The move comes as Title 42, the public health law that permits the U.S. to deny asylum and migrations claims for public health reasons, is set to expire on May 11. Some senior U.S. officials say the end of Title 42 could entice more people seeking a better life in America to present themselves at the U.S.-Mexico border.
“The administration has had over two years to plan for the eventual end of this Trump-era policy in a way that does not compromise our values as a country,” Menendez said. “I have offered them a strategic and comprehensive plan, which they have largely ignored. Trying to score political points or intimidate migrants by sending the military to the border caters to the Republican Party’s xenophobic attacks on our asylum system.”
The service members, mainly coming from Army units, will not have a law enforcement role. They will be armed for self-defense but will be performing monitoring and administrative tasks only, freeing up Border Patrol officials to process migrant claims, officials said.
The additional troops, which are being sent to fill a request from the Department of Homeland Security, will fill “critical capability gaps,” including detection and monitoring, data entry and warehouse support. They will be there for up to 90 days, after which military reservists or contractors will do the work.
“U.S. Customs and Border Protection is investing in technology and personnel to reduce its need for DoD support in coming years, and we continue to call on Congress to support us in this task,” the Department of Homeland Security said in a statement.
Defense Secretary Lloyd Austin approved the official request from DHS, sending soldiers to join 2,500 National Guard troops already activated to assist law enforcement at the border.
The National Guard troops already at the border are deployed in active-duty status, which means their mission is funded by the federal government and not their respective states, according to the DoD official. They are assisting border agents with detection and monitoring.
President Joe Biden last week signed an executive order authorizing the administration to call up active-duty forces to address drug trafficking at the southern border, essentially preapproving the mission. DHS then asked the Pentagon for assistance.
Last week, DHS Secretary Alejandro Mayorkas previewed how his agency would be stretched by the end of Title 42.
“We have been preparing for this transition for more than a year and a half. Notwithstanding those preparations, we do expect that encounters at our southern border will [be] increasing, as smugglers are seeking to take advantage of this change and already are hard at work spreading disinformation that the border will be open after that,” he told reporters. “High encounters will place a strain on our entire system, including our dedicated and heroic workforce and our communities.”
Biden admin to set up migrant processing centers in Latin America ahead of end of Title 42
While the politics of the border crisis have shifted in recent years, Biden could see similar reactions to Menendez’s. Many Democrats fiercely resisted the Trump administration’s deployment of active-duty troops to the U.S.-Mexico border, arguing the move was politically motivated, would harm readiness and service members would be quietly involved in law enforcement. The House Armed Services Committee’s first hearing after Democrats took control in 2019, for instance, was on the Pentagon’s support for DHS at the border.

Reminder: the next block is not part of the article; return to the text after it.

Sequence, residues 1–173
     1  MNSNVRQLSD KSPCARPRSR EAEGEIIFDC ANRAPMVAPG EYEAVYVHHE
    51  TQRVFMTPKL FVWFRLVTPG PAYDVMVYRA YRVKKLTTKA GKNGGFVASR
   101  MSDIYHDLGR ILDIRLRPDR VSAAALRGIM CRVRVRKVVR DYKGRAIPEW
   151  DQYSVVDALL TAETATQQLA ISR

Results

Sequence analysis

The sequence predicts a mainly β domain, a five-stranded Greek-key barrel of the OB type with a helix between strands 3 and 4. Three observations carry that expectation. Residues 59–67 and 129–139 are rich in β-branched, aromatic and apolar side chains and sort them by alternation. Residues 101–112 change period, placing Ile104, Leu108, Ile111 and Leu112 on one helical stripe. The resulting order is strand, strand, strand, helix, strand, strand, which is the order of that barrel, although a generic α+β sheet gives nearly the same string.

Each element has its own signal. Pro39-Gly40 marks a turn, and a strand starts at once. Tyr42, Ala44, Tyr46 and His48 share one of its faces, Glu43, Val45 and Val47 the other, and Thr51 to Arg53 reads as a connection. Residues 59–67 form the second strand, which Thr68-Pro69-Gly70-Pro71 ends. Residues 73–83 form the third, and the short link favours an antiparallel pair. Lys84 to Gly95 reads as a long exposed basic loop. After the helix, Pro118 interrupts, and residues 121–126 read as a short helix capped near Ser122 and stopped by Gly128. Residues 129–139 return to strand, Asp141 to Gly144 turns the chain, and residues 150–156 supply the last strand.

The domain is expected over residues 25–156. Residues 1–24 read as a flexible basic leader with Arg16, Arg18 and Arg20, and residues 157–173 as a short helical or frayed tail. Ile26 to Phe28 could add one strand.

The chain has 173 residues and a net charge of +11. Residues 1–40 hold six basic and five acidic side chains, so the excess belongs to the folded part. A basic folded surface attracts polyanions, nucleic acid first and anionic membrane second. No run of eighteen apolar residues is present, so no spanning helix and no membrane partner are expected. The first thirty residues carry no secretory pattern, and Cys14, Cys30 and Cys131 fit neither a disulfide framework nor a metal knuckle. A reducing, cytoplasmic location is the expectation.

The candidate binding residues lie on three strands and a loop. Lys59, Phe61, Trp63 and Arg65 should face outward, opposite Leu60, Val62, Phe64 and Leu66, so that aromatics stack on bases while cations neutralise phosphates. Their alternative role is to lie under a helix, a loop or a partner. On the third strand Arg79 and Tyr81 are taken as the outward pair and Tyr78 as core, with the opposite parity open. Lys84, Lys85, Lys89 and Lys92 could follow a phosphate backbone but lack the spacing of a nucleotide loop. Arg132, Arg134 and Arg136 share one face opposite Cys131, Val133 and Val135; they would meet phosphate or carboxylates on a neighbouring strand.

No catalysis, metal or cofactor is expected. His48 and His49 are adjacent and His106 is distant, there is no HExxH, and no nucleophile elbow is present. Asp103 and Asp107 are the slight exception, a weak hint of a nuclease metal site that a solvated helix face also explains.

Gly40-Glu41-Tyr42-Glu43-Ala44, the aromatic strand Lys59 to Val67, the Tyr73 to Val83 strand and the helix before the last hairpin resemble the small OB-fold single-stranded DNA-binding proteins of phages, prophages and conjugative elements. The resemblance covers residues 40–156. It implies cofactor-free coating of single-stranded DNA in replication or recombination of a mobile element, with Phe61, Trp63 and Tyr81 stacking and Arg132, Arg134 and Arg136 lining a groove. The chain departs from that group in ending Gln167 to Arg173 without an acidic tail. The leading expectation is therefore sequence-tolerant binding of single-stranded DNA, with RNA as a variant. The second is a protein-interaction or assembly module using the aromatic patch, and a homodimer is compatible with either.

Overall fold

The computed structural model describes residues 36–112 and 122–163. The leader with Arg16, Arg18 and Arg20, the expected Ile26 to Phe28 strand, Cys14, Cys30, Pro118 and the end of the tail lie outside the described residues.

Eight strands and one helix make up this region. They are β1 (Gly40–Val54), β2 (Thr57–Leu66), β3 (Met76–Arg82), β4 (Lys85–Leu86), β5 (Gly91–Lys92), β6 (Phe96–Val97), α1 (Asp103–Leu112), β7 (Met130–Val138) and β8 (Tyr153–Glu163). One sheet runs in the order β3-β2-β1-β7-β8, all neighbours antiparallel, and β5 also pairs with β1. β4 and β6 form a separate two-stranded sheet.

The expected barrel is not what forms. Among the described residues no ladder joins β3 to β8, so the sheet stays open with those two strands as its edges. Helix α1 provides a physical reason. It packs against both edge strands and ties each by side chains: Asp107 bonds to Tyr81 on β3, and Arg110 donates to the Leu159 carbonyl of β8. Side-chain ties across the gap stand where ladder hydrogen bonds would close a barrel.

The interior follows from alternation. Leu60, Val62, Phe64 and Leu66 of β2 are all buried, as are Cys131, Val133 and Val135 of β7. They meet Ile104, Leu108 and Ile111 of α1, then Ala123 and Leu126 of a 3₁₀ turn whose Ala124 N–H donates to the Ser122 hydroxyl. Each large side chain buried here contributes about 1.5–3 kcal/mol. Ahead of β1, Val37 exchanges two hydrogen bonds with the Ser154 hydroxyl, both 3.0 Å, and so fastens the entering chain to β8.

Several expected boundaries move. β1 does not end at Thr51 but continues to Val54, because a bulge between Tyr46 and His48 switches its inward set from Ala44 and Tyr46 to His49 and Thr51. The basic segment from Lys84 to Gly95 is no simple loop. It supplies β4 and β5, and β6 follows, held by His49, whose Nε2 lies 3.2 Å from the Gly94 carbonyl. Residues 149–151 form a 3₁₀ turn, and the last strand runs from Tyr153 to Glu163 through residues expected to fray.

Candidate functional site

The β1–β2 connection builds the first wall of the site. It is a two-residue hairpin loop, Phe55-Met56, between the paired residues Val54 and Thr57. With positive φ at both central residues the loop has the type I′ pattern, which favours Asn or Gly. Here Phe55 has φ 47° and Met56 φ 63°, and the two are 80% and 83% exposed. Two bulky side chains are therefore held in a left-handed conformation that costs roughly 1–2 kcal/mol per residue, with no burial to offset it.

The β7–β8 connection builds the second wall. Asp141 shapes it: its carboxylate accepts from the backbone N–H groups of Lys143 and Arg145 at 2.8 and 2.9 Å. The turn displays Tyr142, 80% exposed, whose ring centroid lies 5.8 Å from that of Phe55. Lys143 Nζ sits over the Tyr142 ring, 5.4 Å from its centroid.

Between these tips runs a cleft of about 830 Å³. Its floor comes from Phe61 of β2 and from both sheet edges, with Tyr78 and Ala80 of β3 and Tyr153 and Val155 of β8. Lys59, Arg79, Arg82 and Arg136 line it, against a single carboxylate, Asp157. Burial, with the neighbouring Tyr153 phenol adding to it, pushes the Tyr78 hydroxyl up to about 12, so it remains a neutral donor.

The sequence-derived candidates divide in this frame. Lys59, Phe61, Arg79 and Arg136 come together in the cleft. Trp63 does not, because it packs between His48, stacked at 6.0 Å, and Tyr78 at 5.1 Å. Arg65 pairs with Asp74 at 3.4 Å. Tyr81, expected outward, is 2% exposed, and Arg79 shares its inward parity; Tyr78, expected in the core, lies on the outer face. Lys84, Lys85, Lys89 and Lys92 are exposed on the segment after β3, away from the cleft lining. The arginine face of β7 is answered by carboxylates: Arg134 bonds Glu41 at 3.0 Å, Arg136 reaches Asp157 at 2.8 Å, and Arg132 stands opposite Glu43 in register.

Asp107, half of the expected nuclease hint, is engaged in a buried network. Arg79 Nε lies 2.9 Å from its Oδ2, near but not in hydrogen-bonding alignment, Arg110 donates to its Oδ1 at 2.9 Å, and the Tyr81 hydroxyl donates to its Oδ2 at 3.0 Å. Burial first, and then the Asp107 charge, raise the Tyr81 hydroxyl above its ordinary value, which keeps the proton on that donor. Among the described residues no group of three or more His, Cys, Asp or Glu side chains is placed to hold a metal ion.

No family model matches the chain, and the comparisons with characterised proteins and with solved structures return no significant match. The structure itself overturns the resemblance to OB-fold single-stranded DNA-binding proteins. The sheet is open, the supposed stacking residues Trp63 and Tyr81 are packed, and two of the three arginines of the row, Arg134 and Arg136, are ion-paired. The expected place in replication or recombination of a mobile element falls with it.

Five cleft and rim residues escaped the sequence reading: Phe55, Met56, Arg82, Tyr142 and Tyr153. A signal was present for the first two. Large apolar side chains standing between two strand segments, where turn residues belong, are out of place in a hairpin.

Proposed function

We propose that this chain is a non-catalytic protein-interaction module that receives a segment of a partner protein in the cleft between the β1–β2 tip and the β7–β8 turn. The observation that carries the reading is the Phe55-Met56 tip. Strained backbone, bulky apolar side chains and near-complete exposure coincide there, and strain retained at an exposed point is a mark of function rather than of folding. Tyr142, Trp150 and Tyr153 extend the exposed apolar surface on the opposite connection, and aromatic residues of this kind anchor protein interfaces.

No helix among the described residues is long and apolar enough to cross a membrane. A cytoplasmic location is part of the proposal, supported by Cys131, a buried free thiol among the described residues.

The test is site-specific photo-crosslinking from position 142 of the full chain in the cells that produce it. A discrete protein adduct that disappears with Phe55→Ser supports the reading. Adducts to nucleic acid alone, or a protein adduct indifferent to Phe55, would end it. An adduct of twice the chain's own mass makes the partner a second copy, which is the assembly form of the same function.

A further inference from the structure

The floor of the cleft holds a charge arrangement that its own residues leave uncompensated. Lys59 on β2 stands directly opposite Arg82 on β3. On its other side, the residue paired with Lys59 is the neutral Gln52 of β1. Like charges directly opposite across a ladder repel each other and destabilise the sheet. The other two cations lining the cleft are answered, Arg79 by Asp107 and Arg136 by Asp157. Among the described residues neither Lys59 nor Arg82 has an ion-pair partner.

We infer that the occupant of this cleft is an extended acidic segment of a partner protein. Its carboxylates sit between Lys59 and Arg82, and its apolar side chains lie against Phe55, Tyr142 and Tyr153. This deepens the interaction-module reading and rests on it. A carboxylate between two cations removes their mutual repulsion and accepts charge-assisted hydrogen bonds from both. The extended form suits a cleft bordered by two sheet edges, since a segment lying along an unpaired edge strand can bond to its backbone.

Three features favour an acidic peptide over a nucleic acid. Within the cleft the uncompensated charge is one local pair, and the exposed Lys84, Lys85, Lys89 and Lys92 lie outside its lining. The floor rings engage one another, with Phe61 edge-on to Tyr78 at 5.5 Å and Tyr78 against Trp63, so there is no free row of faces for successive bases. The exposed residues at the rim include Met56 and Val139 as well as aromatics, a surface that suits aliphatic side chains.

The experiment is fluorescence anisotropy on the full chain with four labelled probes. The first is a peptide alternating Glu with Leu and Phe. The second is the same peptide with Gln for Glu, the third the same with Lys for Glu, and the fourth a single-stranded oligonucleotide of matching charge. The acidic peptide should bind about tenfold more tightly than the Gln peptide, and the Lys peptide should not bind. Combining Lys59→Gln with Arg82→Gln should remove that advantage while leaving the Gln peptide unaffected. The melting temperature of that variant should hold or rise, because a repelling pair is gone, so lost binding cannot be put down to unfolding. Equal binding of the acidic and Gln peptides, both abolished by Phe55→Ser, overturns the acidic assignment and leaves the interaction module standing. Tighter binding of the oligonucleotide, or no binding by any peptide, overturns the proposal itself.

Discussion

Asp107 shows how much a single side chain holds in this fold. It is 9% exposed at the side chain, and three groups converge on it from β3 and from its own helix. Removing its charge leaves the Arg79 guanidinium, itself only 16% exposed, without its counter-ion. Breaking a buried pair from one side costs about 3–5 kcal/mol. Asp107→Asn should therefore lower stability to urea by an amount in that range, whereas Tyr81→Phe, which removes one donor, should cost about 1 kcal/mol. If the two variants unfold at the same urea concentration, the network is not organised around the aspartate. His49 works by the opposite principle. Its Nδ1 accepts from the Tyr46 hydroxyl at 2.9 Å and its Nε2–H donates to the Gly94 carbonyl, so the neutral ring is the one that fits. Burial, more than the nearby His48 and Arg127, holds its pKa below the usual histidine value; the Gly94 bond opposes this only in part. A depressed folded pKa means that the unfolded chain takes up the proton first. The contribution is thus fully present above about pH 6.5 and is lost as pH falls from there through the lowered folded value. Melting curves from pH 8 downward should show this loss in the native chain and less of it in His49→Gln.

But the Senate’s top appropriator on defense, Jon Tester (D-Mont.), said he wouldn’t object to the move as an emergency measure. He added that the news highlights the need to fully fund the Department of Homeland Security.
“We need a secure border, if that’s what we need to do now, do it,” Tester said. “The real issue here is that we have to empower the Department of Homeland Security, and Customs and Border Protection to do that job.”
The Senate Armed Services Committee’s ranking member, Sen. Roger Wicker (R-Miss.), said he hadn’t been briefed on the matter.
He said Biden, who’d previously shown “a lack of concern about the border” might now be “reading the polls.”
“If they would begin to resume enforcement of the law, it would be the best step possible,” Wicker said. “We are told by agents along the border that their hands are tied and they’re not allowed to enforce the law as they were earlier.”
The Biden administration’s move continues the trend of presidents using troops to fill in for the personnel-strapped Border Patrol as Congress hasn’t fully funded the agency to do its work.
In 2006, then-President George W. Bush deployed 6,000 troops to the border in California, Arizona, New Mexico and Texas for Operation Jump Start, which lasted two years. While there, the troops assisted with more than 185,000 apprehensions of undocumented immigrants.
Four years later, then-President Barack Obama and then-Vice President Biden sent up to 1,200 troops to the border during Operation Phalanx, which stretched for about a year. Soon after, the Obama administration also deployed troops, including a Stryker unit, from Fort Bliss to the border communities in Arizona and New Mexico for two months.
In 2018, then-President Donald Trump sent some 2,100 National Guardsmen to the southwest, though they mostly stayed miles from the border and largely performed support tasks for the U.S. Border Patrol. Months later, days before midterm elections, he deployed another 5,200 troops to fortify the border, drawing backlash from former military officials and Democrats who accused Trump of abusing the military to rile up his base.
Matt Berg and Connor O’Brien contributed to this report.